The History of Henley Royal Regatta

Temple Island Meadows/Remenham Farm has a long association with rowing - one of the earliest photos we have shows tents opposite Temple Island in 1893 and the farm buildings have been used as The Barn Bar during Henley Royal Regatta since the 1930's (although quite often the cattle were still in the beer garden too!).

The success of Henley Royal Regatta has ebbed and flowed over the years. Attendance dropped in the early 1970s, but by 1977 the event had become professionally run and experienced an increase in popularity. Hospitality became common and this success continued until 1989, when it ended with the financial crisis. We have moved with the times and now offer facilities at the Regatta for all tastes and budgets - from riverside picnics to corporate hospitality. As a result the Regatta has maintained its position in the social calendar as the 'must-do event of the English summer season.'

Henley Royal Regatta is a unique course, dependent on wind and river flow. The race is rowed upstream, against the flow of the river, which can vary because of this the Berkshire bank of the river is favoured. The Regatta is timed to perfection; in 1970 a crew from New Zealand had flown 12,000 miles to participate but were three minutes late to the start line and so were too late to race! The course was also host to the first Oxford v Cambridge race. It is one of the few courses were the competitors are cheered from end to end.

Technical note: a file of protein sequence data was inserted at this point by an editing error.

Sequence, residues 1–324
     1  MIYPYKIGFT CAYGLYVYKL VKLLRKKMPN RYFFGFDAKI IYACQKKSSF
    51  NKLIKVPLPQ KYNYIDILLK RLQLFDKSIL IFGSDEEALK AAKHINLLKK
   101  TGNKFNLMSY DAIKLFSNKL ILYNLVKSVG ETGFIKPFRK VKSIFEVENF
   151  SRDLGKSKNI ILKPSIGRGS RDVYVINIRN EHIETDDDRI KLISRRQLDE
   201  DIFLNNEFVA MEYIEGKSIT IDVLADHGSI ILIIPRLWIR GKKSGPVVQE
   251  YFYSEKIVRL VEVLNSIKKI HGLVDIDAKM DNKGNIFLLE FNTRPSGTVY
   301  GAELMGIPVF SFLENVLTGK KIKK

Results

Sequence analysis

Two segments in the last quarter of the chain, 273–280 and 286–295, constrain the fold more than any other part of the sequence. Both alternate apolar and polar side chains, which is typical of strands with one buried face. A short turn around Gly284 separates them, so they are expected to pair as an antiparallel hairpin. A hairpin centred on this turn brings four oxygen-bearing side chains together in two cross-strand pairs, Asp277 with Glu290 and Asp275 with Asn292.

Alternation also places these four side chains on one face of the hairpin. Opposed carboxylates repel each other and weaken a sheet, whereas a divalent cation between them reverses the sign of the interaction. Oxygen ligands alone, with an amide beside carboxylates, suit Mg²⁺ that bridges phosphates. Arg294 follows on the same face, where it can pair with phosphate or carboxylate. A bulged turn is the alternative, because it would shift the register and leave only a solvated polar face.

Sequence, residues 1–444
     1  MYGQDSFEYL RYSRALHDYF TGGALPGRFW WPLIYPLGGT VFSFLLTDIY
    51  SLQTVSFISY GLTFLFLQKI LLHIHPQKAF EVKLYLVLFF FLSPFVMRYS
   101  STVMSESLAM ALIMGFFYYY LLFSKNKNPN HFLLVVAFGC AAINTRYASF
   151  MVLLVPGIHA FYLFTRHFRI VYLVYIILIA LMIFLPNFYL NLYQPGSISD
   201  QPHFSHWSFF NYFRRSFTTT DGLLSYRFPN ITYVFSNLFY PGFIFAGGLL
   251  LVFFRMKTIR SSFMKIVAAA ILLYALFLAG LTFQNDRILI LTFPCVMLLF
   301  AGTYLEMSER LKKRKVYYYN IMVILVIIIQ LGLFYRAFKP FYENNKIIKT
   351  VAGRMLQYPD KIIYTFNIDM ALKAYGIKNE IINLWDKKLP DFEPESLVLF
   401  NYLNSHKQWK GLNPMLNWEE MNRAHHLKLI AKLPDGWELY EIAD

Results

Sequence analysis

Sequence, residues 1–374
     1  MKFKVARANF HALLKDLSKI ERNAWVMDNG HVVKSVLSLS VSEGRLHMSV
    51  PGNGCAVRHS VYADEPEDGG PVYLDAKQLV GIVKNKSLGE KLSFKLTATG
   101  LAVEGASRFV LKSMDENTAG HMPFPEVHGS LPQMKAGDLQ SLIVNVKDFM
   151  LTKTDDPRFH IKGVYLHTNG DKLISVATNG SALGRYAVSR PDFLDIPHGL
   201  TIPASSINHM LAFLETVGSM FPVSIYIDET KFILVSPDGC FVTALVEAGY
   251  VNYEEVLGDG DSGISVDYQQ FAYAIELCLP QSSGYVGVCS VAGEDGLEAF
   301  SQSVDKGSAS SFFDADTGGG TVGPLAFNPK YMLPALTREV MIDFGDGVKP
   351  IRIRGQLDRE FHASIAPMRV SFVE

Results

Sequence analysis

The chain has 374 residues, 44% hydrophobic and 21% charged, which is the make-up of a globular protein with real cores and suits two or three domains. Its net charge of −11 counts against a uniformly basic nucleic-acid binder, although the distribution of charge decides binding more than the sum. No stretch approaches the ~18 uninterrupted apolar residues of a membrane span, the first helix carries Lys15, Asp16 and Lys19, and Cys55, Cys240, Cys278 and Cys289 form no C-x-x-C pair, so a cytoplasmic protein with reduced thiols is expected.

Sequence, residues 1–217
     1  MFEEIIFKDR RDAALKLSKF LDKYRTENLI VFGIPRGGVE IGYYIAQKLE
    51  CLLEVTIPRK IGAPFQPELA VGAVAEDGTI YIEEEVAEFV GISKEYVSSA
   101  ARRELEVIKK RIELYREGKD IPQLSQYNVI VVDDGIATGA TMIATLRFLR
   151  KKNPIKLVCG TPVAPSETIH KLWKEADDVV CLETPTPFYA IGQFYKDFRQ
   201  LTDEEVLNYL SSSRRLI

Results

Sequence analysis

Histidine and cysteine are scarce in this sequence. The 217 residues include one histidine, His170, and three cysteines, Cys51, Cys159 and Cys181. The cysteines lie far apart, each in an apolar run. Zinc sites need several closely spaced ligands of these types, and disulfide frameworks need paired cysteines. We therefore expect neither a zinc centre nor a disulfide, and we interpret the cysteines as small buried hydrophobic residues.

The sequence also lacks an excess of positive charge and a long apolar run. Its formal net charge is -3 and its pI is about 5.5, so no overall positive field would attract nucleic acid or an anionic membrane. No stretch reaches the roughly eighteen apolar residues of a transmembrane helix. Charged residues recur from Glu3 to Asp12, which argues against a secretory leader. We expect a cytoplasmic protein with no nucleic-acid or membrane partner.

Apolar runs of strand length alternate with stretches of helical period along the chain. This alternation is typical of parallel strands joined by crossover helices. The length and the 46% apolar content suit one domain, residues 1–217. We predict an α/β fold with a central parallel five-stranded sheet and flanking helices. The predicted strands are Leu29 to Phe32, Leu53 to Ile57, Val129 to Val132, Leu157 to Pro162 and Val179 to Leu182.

Facts about the Regatta

  • It was originally intended as a public attraction with a fair and other amusements but soon changed to become primarily a rowing event.
  • The regatta was initially held over one afternoon but by 1906 had been expanded to cover four days. Its continuing popularity meant that by 1986 the event lasted a full five days.
  • In 1851 HRH Prince Albert became the regatta’s first Royal Patron.
  • Since his death the reigning monarch has always consented to become patron meaning it can use the title Henley Royal Regatta.
  • The first overseas entrant came in 1870 when a team from Trinity College Dublin competed.
  • There have been four racecourses at Henley, the current one being finalised in 1924.
  • Part of the bank was cut away to create a straight course.
  • In 1975 the first female coxswains were permitted to take part.
  • As the regatta predates all international rowing federations it has its own unique rules.
  • Unlike most regattas, Henley operates a knock out draw system with only two boats competing in each race.
  • Races start every five minutes but as they last around seven minutes there is often two races taking place on the course at the same time.
  • Sixteen separate trophies are awarded, the most prestigious being the Grand Challenge Cup.
  • Teams compete from all over the world. The highest number of entrants came in 1998 with 552 crews.

To find out more about the history of Remenham Farm and Temple Island Meadows click here.

To find out more information about the history of Rowing and Regattas on The Henley Reach click here.


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